The essential requirements for any § 1292(b) appeal, which are set out in the statute itself, present us with three questions: (1) What is a “controlling question of law?”; (2) what is a “substantial ground for difference of opinion?”; and (3) what does it mean for an appeal to “materially advance the ultimate termination of the litigation?” To answer these inquiries, we look to the case law of this and other circuits, in light of what we have already learned from the legislative history.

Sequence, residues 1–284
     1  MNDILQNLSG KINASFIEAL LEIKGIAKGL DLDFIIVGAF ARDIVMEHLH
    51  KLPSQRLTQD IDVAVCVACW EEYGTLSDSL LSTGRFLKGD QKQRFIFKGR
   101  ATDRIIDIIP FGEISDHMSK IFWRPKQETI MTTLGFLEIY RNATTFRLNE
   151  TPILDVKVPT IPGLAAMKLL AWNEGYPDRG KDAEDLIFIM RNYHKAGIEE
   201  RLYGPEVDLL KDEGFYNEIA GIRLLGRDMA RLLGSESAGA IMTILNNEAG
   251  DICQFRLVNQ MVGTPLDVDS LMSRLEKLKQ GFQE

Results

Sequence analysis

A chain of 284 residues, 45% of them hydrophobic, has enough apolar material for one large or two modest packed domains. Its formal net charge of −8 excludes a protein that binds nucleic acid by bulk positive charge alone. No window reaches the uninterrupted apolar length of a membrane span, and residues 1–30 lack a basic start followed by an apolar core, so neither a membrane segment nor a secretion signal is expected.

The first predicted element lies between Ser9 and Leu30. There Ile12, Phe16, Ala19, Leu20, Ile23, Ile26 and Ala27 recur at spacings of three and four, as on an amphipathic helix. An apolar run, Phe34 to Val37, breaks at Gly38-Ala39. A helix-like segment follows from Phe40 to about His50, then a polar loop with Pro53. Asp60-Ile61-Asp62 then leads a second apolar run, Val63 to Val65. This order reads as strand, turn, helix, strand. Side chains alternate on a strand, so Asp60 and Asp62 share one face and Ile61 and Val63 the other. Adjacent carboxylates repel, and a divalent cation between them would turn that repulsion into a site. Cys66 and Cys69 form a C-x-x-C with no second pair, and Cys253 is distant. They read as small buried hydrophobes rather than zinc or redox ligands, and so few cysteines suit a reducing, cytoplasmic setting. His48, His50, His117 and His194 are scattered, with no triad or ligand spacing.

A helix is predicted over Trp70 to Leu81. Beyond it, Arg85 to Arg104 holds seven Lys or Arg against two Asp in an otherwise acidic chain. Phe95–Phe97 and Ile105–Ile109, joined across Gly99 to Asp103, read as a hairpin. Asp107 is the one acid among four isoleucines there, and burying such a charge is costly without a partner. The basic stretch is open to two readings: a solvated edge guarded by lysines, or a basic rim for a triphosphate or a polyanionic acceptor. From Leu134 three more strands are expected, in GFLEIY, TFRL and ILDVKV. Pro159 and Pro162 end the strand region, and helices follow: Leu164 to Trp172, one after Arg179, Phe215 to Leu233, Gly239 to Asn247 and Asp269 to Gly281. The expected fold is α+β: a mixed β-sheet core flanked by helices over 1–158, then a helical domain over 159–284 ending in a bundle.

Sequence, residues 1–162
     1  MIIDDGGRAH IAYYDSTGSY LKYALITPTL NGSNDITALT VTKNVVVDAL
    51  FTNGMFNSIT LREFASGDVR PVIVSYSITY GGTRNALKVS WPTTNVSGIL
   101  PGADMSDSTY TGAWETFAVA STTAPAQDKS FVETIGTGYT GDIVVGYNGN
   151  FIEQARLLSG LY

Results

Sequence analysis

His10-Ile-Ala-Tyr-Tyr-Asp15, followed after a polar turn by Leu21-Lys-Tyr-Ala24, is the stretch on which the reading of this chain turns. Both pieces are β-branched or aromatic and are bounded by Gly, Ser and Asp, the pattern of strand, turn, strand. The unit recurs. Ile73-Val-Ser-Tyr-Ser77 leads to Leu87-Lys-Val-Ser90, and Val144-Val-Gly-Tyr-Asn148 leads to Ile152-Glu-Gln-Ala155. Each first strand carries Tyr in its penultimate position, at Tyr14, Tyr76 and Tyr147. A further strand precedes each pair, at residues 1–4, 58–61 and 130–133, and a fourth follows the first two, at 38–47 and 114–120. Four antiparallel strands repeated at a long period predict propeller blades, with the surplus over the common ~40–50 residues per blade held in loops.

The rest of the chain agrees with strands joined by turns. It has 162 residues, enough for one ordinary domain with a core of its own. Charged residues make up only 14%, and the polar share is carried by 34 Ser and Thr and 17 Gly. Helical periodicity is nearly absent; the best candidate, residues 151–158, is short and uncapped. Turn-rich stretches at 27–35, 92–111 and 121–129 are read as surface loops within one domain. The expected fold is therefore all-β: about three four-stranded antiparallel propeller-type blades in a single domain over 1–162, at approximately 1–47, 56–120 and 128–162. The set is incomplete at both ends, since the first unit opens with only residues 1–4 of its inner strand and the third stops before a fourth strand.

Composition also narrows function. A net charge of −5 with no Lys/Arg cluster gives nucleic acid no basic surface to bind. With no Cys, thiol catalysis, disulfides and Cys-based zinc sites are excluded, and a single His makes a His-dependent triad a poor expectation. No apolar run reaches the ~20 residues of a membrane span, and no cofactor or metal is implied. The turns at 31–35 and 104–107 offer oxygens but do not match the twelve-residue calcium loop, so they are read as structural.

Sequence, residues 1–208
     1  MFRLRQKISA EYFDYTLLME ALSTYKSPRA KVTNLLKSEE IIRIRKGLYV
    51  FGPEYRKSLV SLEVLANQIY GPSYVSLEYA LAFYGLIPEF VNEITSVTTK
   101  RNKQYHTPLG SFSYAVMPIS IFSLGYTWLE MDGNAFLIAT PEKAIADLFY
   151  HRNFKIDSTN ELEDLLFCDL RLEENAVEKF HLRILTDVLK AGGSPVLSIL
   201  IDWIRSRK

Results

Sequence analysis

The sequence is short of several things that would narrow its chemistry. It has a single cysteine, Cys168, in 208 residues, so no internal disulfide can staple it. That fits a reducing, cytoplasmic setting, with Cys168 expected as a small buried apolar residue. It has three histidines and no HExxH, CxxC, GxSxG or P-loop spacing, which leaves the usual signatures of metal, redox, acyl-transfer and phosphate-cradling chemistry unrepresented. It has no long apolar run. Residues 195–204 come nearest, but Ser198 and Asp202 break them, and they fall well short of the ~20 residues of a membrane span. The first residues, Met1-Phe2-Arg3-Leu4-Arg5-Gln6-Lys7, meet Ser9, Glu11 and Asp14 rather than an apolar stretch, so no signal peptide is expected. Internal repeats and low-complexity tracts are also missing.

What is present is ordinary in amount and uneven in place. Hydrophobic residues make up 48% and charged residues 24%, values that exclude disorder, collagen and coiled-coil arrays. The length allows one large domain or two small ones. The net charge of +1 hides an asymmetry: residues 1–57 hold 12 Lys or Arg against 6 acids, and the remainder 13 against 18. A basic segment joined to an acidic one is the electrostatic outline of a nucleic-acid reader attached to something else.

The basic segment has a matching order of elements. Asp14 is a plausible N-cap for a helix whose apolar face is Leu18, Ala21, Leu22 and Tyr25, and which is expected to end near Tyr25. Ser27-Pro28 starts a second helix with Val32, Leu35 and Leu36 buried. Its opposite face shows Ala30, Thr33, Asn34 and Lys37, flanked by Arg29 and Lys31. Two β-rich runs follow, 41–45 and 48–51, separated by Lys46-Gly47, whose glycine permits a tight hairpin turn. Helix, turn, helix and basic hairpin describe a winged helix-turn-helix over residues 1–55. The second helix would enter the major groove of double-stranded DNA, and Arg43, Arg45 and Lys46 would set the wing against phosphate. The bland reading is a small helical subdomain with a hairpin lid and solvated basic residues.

We begin with the requirement that “a controlling question of law” be at issue. The old Fifth Circuit has recognized a distinction between a question of law, which will satisfy § 1292(b), and “a question of fact or matter for the discretion of the trial court.” Garner v. Wolfinbarger, 430 F.2d 1093, 1096-97 (5th Cir.1970); 2 see also Clark-Dietz & Assoc.-Eng'rs. v. Basic Constr. Co., 702 F.2d 67, 69 (5th Cir.1983) (denying § 1292(b) petition where questions “appear to be merely fact-review questions”). This distinction between legal and factual inquiries arises frequently in attempts to appeal interlocutorily the denial of summary judgment. See Harriscom Svenska AB v. Harris Corp., 947 F.2d 627, 631 (2d Cir.1991) ( “Where, as here, the controlling issues are questions of fact, or, more precisely, questions as to whether genuine issues of material fact remain to be tried, the federal scheme does not provide for an immediate appeal․”); Chappell & Co. v. Frankel, 367 F.2d 197, 200 n. 4 (2d Cir.1966) (en banc) (“It is doubtful whether the denial of summary judgment when the applicable law is clear but there is a genuine issue as to a material fact can properly be certified under section 1292(b)․”).